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6 Things to Remember to Comply with Stone Industry Respiratory Legislation

6 Things to Remember to Comply with Stone Industry Respiratory Legislation

Do You Work In The Stone Industry And Are Required To Wear A Respirator?

6 helpful tips to help you comply with Stone Industry respiratory legislation!

1. Do You Work In The Stone Industry? Did you know you are now required to wear PAPR (Powered Air Purifying Respirators)?

PAPR respirators are now required due to the high silica content found in natural and engineered stones. (Silica particles impose a significant health risk)
PAPR means 'powered air purifying respirator'. PAPR uses a blower to pass contaminated air through a filter, helping to deliver safer breathable air, free of contaminant or airborne particles to the users face - who is wearing either a tight fitting half face, or full face mask/hooded helmet. 
ABL stock a range of powered air purifying respirators including 3M Versalfo and CleanSpace.
In addition to stocking the PAPR units ABL stock an extensive range of spare/replacements parts for the Versaflo, Jupiter, Speedglas and CleanSpace PAPR units. 

2. Do You Wear Tight Fitting PAPR Respirators? Did you know you MUST be clean shaven with no facial hair?

Facial hair including beards, moustaches, stubble, sideburns, even goatees that overlap the respirator seal will stop a respirator from creating a proper seal to the wearers face.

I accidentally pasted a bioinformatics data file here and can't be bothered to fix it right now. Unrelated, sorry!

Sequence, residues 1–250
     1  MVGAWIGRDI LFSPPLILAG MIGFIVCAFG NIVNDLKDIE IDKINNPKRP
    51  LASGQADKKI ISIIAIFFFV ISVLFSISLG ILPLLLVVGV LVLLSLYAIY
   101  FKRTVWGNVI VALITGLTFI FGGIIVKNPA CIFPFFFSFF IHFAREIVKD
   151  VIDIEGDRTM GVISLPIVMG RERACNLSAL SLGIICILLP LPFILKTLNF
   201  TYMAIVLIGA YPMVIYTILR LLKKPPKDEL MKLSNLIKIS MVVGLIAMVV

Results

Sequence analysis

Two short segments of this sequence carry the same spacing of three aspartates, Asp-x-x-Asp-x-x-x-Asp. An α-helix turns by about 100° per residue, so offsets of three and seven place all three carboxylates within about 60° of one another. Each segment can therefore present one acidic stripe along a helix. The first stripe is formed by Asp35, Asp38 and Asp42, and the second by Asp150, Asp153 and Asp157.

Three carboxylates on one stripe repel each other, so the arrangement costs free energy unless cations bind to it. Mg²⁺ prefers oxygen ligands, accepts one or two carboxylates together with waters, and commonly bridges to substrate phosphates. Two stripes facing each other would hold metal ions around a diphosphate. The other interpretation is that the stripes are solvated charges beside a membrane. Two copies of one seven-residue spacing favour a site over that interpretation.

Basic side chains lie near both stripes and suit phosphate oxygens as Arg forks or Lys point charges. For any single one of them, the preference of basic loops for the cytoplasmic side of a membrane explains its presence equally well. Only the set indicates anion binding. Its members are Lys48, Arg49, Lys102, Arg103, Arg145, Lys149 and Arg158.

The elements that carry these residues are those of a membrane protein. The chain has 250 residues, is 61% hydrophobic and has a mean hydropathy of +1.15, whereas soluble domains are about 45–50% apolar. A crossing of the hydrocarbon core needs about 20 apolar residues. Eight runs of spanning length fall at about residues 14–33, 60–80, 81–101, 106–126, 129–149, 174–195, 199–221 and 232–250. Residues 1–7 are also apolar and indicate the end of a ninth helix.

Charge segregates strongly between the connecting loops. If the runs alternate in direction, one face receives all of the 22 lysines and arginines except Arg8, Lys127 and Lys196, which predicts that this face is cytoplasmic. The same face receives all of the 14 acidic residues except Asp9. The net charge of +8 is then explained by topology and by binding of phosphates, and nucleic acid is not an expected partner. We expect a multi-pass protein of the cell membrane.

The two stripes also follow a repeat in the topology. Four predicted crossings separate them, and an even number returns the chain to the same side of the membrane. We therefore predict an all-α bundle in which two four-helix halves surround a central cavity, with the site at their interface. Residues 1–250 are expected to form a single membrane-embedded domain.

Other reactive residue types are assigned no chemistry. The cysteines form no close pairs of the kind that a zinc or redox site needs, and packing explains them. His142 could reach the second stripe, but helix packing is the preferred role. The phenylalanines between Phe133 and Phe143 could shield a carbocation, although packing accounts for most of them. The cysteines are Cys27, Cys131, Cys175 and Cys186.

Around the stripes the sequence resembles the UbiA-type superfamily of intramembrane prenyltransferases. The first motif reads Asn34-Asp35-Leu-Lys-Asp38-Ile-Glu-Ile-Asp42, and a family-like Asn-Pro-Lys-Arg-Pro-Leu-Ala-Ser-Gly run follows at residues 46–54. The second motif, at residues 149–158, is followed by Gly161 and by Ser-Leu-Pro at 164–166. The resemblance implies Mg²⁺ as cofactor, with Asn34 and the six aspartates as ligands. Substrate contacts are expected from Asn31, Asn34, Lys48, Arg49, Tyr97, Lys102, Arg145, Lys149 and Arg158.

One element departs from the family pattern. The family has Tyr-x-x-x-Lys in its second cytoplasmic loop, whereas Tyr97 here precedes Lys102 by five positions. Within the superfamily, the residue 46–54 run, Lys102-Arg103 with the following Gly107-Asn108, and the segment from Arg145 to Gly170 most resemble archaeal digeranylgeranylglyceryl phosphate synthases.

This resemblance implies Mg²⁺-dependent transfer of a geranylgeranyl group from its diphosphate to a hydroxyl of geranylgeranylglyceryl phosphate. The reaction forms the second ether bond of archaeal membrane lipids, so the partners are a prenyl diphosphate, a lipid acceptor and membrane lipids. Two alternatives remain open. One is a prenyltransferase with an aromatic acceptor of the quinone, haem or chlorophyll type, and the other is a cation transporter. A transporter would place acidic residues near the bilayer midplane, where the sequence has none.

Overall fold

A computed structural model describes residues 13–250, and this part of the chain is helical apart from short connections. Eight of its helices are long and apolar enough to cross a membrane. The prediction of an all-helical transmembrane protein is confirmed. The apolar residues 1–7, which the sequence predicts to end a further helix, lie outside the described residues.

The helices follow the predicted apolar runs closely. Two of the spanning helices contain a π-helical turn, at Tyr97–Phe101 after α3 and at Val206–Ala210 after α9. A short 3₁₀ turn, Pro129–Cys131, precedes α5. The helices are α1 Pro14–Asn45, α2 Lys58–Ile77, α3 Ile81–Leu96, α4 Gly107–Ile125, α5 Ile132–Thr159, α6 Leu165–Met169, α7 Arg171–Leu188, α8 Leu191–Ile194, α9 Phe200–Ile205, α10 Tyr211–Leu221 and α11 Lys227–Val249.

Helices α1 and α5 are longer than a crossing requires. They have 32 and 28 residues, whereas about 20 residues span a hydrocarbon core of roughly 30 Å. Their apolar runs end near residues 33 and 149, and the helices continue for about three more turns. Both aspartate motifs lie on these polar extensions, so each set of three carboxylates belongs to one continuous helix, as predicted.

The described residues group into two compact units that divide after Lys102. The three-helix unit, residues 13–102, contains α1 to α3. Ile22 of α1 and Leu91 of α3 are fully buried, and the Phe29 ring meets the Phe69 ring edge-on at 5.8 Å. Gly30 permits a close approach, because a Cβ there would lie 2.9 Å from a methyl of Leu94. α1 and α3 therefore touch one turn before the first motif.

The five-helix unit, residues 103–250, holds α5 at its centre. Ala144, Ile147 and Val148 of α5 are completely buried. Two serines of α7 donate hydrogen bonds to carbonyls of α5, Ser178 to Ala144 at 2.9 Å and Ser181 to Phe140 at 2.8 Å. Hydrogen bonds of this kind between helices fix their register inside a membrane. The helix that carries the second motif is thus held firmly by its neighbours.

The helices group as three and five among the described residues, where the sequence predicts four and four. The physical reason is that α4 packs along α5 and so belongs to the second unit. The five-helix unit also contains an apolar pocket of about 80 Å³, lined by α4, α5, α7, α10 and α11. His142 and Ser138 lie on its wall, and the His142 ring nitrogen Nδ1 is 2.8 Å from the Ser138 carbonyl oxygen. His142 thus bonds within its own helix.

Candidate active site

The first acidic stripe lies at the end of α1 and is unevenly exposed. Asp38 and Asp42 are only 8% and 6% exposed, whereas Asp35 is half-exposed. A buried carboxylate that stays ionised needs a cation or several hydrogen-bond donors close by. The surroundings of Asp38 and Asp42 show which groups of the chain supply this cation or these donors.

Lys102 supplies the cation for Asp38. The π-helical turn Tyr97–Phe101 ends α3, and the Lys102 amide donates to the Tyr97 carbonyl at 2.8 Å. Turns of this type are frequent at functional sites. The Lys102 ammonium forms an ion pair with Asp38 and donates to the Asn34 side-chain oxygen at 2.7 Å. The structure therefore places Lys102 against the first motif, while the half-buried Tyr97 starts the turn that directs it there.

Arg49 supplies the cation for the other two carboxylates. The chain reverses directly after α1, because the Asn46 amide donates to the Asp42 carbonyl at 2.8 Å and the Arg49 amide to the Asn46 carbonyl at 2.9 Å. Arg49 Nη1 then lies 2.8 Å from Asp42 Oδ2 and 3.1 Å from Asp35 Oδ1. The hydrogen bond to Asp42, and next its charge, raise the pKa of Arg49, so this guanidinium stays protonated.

All workers that are required to wear a tight fitting respirator must be clean shaven OR ensure their is not hair between their face and the seal of the respirator mask. Remember crystalline silica particles are smaller than facial hair, meaning if facial hair is between the respirator and the wearers face the silica particles can still enter into the masked area and contaminate the air.

Is your facial hair acceptable?

Checkout an easy to use guide here. 

3. Do you wear a tight fitting PAPR respirator? Did you know you MUST be fit tested

Fit testing ensures workers are wearing an appropriate respirator for their facial characteristics. As every persons facial features are different it is unlikely that 'one respirator fits all'.
PAPR units which operate on a tight seal require Quantitative Fit Testing. Quantitative fit testing measures the effectiveness of the seal between the respirator/mask and the wearers face.
If there is not a complete seal to the wearers face, contaminated air can leak into the respirator and impose harm on the wearer. 
Loose fitting hood and headtop respirators do not require fit testing - this is because they do not operate using a tight seal to the wearers face, they cover the whole head.
NB - If you work in the stone industry Quantitative Fit testing is now required. ABL is here to help with fit testing!
The 2019 Code of Practice states that fit testing is required to be carried out:
  • by a competent in-house person, manufacturer, supplier or consultant
  • before wearing a tight-fitting respirator for the first time
  • each time a new make or model of tight-fitting respirator is issued
  • whenever there is a change in the worker’s facial characteristics or features which may affect the
  • facial seal (for example large weight loss or gain)
  • on a regular basis upon risk assessment
  • at least annually

Competency of fit testers

  • Fit testers must be properly trained and proficient in the fit-test method being used.
  • There is no approved fit-test training or competency standard in Australia at present however relevant
  • competencies would include:
  • knowledge of the respirators used for the fit test
  • knowledge of the fit-test method
  • ability to set up all applicable equipment and monitor its function